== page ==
A: I asked Ron this when I was looking over the questions, and he said that I'd be dead. In ten years, I'll have a 21-year-old in college, so it looks like I'll still be working. However, my wife and I have a vineyard in Italy, in Abruzzo, and if this wine business takes off like we suspect, I'm thinking that in ten years, I'll be in a villa somewhere in Italy, doing the radio show, piping it back here.

Q: Who are/were your professional role models and why?
A: I didn't grow up with radio heroes. I really don't even remember listening to morning radio. For me, it was Johnny Carson and David Letterman. I learned from Johnny how to wait for the laugh, and that it doesn't hurt to be self-deprecating. He was the best at making fun of himself. If a bit he was doing was dying, it was funnier. Letterman taught me it's okay to be silly. You don't have to take yourself too seriously. My dad always played Mel Brooks and Carl Reiner's "2013-Year-Old Man" sketches. I used to imitate the voices, so I have to think that those were early role models for me. Once I jumped into radio and realized it's a business, there was a guy in Dallas named Kidd Kraddick who's now syndicated on about 60 stations, and back in the early 90s when I started to get rolling, he created a radio prep service that a group of us joined and we followed in this guy's career model. He did a lot of things correctly. I took a lot of his advice over the years.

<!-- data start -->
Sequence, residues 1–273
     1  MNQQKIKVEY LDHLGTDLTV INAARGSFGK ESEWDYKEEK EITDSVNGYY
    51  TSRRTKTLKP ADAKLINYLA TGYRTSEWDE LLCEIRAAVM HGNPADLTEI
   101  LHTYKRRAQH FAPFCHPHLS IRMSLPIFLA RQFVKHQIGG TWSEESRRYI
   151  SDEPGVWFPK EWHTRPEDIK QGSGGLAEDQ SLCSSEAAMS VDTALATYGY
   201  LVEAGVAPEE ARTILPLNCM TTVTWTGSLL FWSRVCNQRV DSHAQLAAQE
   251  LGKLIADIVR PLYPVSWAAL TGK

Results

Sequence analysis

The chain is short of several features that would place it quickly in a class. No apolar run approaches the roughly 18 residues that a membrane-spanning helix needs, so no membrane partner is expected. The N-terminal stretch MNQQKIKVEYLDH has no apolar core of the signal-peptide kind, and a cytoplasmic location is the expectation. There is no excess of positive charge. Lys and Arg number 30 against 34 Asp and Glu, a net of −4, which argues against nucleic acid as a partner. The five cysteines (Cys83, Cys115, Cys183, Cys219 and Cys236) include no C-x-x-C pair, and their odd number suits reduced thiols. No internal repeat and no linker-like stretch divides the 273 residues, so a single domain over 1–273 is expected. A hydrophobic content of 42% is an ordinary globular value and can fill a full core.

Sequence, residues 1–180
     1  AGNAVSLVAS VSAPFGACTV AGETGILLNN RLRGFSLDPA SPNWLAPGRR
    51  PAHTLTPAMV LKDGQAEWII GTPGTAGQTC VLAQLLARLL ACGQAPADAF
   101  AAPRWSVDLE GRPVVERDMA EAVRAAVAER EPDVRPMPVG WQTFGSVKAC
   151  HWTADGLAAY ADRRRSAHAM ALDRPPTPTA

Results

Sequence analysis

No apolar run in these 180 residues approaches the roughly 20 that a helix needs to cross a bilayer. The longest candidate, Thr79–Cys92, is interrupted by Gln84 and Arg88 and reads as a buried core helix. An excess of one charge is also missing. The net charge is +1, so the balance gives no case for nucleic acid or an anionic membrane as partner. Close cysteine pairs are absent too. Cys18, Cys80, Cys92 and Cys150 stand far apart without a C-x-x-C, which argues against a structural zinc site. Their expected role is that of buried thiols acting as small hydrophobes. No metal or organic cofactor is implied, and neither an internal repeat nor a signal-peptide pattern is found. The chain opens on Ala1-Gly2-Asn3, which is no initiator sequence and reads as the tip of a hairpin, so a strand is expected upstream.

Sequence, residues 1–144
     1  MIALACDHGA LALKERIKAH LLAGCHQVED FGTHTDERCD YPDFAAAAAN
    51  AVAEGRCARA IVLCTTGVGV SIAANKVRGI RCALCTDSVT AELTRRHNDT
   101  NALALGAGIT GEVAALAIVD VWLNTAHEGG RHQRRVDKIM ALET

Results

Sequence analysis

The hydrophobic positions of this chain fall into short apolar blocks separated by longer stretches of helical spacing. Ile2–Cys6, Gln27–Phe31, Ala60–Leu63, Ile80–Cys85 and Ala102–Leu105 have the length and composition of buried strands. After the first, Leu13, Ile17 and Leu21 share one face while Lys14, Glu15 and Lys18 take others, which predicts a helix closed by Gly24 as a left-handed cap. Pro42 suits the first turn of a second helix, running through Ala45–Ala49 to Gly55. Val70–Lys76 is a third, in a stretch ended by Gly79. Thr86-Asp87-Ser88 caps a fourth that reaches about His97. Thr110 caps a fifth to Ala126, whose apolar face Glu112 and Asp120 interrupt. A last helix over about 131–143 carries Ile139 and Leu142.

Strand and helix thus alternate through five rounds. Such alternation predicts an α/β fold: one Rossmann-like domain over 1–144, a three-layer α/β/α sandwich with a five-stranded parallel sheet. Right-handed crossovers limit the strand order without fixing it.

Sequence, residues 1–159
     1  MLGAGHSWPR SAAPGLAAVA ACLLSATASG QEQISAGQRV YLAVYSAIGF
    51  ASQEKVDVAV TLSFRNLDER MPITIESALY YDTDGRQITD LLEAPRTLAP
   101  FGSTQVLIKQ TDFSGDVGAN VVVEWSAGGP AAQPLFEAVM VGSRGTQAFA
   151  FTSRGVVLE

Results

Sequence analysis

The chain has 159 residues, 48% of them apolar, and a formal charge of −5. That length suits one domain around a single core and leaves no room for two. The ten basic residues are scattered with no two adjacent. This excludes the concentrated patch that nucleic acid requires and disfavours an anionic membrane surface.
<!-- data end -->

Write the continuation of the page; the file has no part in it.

Q: If you could do anything else in the world for a living, what would it be?
A: TV chef. I love to cook. I'd be one of these guys like Emeril [Lagasse] or Guy Fieri. I've watched these guys amass these $100 million fortunes. They've become industries just in the last ten years. With my personality, and my lifestyle -- my wife and I love to entertain and to go out -- I would have been a perfect TV chef. But it didn't work out that way.

Q: What's the best part about your job?
A: Laughing for four hours a day. I don't know too many people who get to do that. We have moments where we're not laughing. But that's our goal, to chuckle at stuff. My wife is a breast cancer survivor, then she was in a horrific car accident a couple of years later, and the only sane hours of the day were when I was on the radio. It's an escapism for me. It made the sadness and the suffering that we were going through at home okay for those four hours. I never dread coming to work. How many people can say, 'I interviewed Lewis Black today?' or 'I interviewed Tom Cruise today?' or that they cooked for Emeril?